It was not unreasonable, therefore, for Sri Lankan Army troops to demand that surrendering militants remove their clothes. But this does not explain why prisoners were still naked when they were bound, abused, raped, tortured and executed, as shown in the Channel 4 documentary. Channel 4 first made this allegation in 2010 when it broadcast mobile phone footage of summary executions of male prisoners. In Sri Lanka’s Killing Fields, it adds new footage, including of female prisoners, and in late July 2011 it broadcast interviews with anonymous military personnel who have not only endorsed the veracity of the accusations, but added that orders to finish the offensive quickly and to take no prisoners came from the top―the Defence Minister and brother of the President, Lieutenant Colonel (Ret.) Gotabaya Rajapaksa.

These claims are hotly disputed by the Sri Lankan government and many Sri Lankans at home, and especially by Sri Lankans abroad. When Four Corners broadcast the documentary, its website was bombarded with demands that the program not be aired. The acting Sri Lankan High Commissioner wrote a press release alleging the footage is fabricated and that many of the Tamil witnesses interviewed are duplicitously linked to the Tigers. As with the demonstrator furiously biting the effigy of Ban Ki Moon, I suspect they protest too much. The Sri Lankan state has a long history of brutal treatment of its own population, including the use of paramilitary death squads to eradicate sections of the majority Sinhalese community.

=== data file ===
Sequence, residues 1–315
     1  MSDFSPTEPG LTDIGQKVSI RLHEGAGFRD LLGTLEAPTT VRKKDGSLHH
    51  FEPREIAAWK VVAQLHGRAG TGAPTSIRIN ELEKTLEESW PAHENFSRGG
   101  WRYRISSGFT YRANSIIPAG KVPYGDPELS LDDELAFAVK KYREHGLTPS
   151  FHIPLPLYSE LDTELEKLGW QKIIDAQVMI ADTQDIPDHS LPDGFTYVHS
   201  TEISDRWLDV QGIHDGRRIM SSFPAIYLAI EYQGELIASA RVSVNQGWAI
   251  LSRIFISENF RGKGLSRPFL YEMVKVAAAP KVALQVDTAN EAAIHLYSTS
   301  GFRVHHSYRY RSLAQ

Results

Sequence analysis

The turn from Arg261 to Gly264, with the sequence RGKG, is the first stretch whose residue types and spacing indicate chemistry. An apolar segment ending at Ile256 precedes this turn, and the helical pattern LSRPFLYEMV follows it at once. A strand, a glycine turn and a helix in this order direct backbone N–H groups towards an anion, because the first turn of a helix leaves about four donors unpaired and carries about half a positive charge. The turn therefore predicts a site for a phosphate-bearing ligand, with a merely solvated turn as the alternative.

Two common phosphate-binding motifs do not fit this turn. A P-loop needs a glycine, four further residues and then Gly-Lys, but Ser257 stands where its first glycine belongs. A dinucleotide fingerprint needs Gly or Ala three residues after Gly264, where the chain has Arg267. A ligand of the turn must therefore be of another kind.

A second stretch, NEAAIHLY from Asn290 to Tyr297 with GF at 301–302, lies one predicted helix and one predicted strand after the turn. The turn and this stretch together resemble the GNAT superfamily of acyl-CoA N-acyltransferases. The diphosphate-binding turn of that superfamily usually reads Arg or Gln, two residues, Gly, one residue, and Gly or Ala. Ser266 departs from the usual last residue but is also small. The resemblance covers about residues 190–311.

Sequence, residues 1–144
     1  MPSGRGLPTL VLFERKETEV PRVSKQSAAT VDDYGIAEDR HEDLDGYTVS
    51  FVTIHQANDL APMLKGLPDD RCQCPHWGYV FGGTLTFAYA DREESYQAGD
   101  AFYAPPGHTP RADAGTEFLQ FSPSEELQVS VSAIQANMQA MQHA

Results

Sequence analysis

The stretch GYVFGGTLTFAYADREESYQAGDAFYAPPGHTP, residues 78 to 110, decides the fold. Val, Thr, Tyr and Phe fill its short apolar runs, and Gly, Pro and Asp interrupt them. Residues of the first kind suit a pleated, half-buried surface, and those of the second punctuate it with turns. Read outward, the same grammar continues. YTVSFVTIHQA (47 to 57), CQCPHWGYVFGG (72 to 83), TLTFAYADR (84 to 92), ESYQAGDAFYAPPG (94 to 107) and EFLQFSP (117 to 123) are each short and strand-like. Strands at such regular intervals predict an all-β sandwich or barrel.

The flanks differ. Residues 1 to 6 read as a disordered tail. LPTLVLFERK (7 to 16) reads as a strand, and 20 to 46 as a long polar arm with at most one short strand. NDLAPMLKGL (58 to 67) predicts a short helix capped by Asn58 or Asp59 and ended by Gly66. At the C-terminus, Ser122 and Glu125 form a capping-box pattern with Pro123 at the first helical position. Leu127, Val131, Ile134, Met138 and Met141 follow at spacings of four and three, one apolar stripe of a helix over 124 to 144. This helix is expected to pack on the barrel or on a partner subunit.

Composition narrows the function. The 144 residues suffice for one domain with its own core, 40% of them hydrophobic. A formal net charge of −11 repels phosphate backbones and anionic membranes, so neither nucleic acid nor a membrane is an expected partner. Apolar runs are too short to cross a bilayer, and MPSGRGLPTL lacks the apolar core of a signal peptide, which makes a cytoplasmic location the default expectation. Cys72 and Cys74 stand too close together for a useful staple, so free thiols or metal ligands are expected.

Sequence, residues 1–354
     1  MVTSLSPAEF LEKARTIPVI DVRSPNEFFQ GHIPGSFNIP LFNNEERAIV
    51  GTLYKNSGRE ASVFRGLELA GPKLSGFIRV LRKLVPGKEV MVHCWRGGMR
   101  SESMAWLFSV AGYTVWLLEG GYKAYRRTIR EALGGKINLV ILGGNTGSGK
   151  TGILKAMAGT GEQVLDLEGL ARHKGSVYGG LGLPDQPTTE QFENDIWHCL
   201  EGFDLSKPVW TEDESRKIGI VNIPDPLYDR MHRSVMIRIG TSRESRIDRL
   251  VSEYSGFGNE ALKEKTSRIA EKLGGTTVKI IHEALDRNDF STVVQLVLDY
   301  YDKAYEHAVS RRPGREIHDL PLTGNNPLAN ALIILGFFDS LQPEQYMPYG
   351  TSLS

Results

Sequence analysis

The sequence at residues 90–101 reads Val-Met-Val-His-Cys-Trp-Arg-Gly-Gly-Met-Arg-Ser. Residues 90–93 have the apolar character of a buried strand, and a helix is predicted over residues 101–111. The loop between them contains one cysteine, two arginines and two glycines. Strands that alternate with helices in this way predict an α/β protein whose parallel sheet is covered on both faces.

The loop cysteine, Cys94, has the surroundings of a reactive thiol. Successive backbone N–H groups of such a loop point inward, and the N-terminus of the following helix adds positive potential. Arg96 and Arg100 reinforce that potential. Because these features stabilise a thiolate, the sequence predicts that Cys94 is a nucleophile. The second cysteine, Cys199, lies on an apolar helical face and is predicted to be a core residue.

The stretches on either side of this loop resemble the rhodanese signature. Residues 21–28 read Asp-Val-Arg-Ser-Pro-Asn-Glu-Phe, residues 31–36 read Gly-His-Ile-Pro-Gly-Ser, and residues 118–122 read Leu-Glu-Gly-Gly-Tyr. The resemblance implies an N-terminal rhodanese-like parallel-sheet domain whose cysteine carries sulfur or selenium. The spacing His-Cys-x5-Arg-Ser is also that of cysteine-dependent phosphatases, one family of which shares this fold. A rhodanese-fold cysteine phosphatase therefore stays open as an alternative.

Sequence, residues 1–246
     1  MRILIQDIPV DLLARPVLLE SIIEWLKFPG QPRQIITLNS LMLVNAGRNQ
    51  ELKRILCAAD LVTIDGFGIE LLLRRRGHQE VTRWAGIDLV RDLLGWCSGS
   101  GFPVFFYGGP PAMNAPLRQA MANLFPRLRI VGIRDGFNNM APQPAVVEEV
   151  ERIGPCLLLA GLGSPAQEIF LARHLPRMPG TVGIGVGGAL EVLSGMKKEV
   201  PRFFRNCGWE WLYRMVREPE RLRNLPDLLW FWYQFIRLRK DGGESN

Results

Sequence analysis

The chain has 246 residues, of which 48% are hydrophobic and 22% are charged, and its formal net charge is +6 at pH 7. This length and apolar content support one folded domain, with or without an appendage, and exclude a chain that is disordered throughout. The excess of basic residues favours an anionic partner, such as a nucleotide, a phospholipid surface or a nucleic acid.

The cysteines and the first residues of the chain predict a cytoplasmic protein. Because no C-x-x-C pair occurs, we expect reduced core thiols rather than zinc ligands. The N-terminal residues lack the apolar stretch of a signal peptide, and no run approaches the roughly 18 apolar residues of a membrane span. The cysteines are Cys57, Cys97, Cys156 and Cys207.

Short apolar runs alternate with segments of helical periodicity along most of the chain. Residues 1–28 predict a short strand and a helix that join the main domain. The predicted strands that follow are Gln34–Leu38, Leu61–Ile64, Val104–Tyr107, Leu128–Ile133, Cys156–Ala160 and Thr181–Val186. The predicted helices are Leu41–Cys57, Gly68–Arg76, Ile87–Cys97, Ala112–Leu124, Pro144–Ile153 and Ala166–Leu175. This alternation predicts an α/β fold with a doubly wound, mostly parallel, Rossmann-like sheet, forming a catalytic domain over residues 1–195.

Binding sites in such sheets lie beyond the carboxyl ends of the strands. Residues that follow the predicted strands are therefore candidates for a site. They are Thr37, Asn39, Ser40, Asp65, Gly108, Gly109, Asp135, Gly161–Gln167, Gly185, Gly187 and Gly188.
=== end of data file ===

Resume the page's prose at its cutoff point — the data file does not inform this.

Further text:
Moreover, it is strikingly significant that from January 2008—when the Rajapaksa regime formally ended the shaky ceasefire with the Tigers that it had inherited from the previous government— the removal of witnesses began. Foreign journalist visas were revoked, outspoken foreign nationals were deported and popular press campaigns targeting organisations like UNICEF played up the idea of a global pro-Tiger conspiracy. In January 2009, the editor of the most outspoken weekly newspaper, the Sunday Leader’s Lasantha Wickrematunge, was assassinated. Well aware of the danger he was in, Wickrematunge had already written his last editorial, which accused the Rajapaksa regime of his killing.